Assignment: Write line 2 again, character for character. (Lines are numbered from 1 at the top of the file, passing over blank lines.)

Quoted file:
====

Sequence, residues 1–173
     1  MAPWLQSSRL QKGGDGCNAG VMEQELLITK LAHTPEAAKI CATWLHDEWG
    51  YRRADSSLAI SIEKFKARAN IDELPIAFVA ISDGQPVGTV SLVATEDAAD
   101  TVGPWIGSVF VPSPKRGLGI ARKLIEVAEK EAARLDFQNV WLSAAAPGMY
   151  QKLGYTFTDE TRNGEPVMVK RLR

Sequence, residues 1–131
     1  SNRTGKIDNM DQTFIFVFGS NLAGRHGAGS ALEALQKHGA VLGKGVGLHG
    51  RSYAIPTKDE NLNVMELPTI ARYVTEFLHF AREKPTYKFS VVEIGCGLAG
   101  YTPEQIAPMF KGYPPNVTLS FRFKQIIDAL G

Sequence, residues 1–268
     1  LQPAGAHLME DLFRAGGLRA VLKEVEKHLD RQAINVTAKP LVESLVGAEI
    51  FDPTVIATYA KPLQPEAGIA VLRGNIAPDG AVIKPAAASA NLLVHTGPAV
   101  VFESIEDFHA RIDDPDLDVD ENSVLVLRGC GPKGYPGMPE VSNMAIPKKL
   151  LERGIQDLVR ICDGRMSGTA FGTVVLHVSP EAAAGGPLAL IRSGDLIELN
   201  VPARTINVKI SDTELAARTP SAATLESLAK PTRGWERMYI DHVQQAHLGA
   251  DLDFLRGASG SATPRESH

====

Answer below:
     1  MAPWLQSSRL QKGGDGCNAG VMEQELLITK LAHTPEAAKI CATWLHDEWG